percent in June after increasing 0.3 percent in May.” Personal expenditure is the vast element to aggregate demand. It is set on a household’s disposable income. There will be a shift to the left on aggregate demand if consumers buy more output at the price level. The current fiscal policy in place as it relates to consumer income states that the government can increase or decrease taxes on household income. An increase in taxes means a decrease in disposable income, because it will take money out of households. The opposite holds true if there is a decrease in taxes, because it will leave households with more money. Disposable income accounts for two-thirds of total demand. Economist had forecast a 0.1% rise, but reports show that spending fell 0.2% in May 2013 when adjusted for inflation. It is suggested that consumers pulled back from spending due to a weak income data.

During periods of recession, the Keynesian theory recommends that Congress should increase government spending and decrease taxes to give households more disposable income to purchase more products, simultaneously. Through these methods of fiscal policy, the rise in aggregate demand stimulates businesses to increase production, employ more workers, and increase household incomes, enabling them to buy more. The classical theory concept known as “free market” requires little to no government intervention. This allows consumers to act in their own self-interest in regards to economic decisions. In the current issues regarding consumer income, Keynesian theory has been proven effective as shown in the increase of income and the shift in aggregate demand. If the current state of the U.S. consumer income remains on course, there should be a steady climb household disposable income. Interest Rates

Based on my finding, as an international reporter, it was disclosed that interest rates have been the primary macroeconomic indictor of our economy today. It is an aggregate figure that represents how the present banks and financial sector operate on a national and regional economy level. So what is an interest rate, According to Colander (2010), Chapter 13, “Interest rates — the prices that are charged or paid for the use of a financial asset —are key variables in the financial sector.” It’s the rate of the cost of borrowing money, which reflects both the supply and demand of United States
currency at a particular time. Therefore, after critiquing the current state of the U.S. economy interest rate, it was uncovered that monetary policy plays a major part in the decision making. This is why, According to Colander (2010), Chapter 13, “Money is a highly liquid financial asset that’s generally accepted in exchange for other goods, is used as a reference in valuing other goods, and can be stored as wealth.” It’s the Federal Reserve that uses the supply of money to regulate the current interest rate, which affects the cost of borrowing money to regulate the economy. According to Colander (2010), Chapter 13, “Federal Reserve Bank (the Fed) — the U.S. central bank whose liabilities (Federal Reserve notes) serve as cash in the United States.” Therefore, borrowing money is really known as interests’ rate that is set by the Federal Reserve that affects the rates on credit cards and home mortgages. In this current state of the U.S. economy, it has affected the interest rate and the exchanged rate; this is where the Fiscal policy has become a major factor. This policy has macroeconomic implications beyond consumer spending. In fact, when the government runs a deficit, it has to borrow from investors by issuing treasury bonds. Therefore, when the government competes with others borrowers, such as corporation, or consumer saving this will affect the raising of the interest rate. So in result, this policy recommendation should be setting interest rate sufficiently to attract investors and their money, so the government can have the cash to cover the budget deficits. Conclusion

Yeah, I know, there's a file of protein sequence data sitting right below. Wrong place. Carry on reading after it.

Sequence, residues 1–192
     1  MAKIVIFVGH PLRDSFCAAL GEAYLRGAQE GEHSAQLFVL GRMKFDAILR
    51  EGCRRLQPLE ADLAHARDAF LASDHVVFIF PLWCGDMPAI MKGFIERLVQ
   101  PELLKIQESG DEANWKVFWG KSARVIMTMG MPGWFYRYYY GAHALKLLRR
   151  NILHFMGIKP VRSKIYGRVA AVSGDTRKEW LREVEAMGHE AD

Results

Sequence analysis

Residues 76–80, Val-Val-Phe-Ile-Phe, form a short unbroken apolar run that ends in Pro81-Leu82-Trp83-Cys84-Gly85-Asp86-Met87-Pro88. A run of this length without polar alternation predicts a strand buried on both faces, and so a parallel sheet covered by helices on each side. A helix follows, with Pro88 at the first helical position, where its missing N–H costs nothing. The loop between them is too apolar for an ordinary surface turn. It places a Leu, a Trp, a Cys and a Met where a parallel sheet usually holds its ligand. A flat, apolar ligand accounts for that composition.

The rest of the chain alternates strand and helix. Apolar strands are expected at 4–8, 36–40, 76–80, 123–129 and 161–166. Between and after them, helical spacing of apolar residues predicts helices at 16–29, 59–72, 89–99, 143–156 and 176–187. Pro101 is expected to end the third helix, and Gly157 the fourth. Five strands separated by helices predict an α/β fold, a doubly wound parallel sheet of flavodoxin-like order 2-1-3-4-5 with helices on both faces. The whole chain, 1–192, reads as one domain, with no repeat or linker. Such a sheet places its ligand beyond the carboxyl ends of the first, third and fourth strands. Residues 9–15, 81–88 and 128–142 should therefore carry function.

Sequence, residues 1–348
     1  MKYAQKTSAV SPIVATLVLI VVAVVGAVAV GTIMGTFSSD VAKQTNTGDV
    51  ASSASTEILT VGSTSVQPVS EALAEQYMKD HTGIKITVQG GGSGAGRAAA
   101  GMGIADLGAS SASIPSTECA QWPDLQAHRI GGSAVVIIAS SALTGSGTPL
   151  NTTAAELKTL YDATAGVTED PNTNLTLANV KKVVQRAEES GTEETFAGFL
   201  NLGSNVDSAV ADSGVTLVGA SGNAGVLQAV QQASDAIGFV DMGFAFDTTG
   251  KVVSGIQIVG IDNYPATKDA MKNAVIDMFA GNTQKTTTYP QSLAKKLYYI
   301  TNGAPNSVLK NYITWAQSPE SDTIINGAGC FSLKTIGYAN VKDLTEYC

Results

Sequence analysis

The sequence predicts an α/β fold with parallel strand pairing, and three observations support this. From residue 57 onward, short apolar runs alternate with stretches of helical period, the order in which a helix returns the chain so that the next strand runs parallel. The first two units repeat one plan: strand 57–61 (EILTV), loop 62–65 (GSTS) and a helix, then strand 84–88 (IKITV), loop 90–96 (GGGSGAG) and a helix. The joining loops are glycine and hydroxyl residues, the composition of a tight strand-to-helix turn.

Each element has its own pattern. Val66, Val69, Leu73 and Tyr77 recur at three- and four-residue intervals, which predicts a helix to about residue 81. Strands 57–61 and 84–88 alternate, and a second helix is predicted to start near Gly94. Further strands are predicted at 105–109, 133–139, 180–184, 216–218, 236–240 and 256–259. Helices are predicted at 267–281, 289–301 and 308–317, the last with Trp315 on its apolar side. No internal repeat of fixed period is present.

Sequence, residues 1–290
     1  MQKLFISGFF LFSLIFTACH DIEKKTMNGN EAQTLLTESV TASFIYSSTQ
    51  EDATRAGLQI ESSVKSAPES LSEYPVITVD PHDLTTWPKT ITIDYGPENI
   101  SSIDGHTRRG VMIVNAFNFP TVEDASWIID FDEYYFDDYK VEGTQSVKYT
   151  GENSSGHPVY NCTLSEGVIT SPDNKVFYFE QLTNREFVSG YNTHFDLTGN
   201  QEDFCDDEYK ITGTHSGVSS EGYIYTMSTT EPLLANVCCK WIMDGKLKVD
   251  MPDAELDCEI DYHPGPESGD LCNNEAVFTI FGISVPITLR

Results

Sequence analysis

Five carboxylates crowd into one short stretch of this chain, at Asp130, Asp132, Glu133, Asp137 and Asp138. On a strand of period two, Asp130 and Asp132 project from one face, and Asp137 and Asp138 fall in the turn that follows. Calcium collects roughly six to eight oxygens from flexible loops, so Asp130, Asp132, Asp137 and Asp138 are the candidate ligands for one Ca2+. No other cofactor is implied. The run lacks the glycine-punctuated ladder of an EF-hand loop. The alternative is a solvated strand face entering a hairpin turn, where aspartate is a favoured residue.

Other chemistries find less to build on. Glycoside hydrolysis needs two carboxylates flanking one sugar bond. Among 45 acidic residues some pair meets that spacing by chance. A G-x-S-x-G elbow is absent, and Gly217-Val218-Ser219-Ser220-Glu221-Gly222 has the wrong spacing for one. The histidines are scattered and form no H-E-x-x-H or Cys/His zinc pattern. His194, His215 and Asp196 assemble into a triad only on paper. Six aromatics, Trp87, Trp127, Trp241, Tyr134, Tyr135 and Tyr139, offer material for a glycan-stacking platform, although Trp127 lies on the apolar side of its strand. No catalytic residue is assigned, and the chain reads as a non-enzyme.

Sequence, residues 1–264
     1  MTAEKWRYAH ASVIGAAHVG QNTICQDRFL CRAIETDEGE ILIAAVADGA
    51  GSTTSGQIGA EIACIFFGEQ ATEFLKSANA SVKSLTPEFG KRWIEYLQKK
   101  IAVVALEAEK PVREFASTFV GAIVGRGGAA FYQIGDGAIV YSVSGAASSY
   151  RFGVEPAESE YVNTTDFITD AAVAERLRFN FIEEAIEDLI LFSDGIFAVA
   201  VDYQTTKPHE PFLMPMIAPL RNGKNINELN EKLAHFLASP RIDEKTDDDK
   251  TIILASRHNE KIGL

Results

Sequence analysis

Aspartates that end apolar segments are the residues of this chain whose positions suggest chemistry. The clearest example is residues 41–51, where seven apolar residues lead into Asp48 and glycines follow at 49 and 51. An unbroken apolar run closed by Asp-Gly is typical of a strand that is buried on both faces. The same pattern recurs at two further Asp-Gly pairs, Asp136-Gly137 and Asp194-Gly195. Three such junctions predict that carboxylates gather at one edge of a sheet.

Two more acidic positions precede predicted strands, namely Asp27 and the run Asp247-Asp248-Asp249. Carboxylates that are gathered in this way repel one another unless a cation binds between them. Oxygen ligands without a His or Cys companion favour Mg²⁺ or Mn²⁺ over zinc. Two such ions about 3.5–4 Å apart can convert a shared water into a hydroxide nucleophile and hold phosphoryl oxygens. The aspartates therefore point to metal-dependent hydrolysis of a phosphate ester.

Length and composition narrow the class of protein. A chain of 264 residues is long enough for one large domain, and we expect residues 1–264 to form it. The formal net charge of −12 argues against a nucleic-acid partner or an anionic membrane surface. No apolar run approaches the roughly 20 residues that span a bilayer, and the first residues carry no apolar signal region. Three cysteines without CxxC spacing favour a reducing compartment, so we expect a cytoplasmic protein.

In conclusion, the economy plays an important role in all the markets and sectors whether it is with the government, households, or businesses. Each sector or market affects the other since it is a never ending cycle that affects job creation, consumer, and business spending power, and government spending. Economists study to prevent recessions and keep our economy on a positive cycle with continuous growth and spending power. In order to do this, businesses, government, and household need to continue spending to provide jobs for people. The people in turn will continue spending providing more money spending power. The government needs to analyze situations to prevent financial crisis and have ways to strength our economy (Colander, 2010). Everyone needs to play their part for continuous growth
and prosperity.

U.S. Department of Commerce. (2013). Personal income and outlays, June
2013. Retrieved from http://www.bea.gov/newsreleases/national/pi/pinewsrelease.htm Bureau of Labor Statistics: The Employment Situation. (2013). Retrieved from http://www.bls.gov/news.release/pdf/empsit.pdf Colander, David. C. (2010). Macroeconomics (8th ed.). Retrieved from The University of Phoenix eBook Collection database. Reflections on Fiscal Policy and Economic Strategy. (2010). Retrieved from http://www.whitehouse.gov/administration/eop/nec/speeches/fiscal-policy-economic-strategy. Differences Between Classical & Keynesian Economics. (2013). Retrieved from http://smallbusiness.chron.com/differences-between-classical-keynesian-economics-3897.html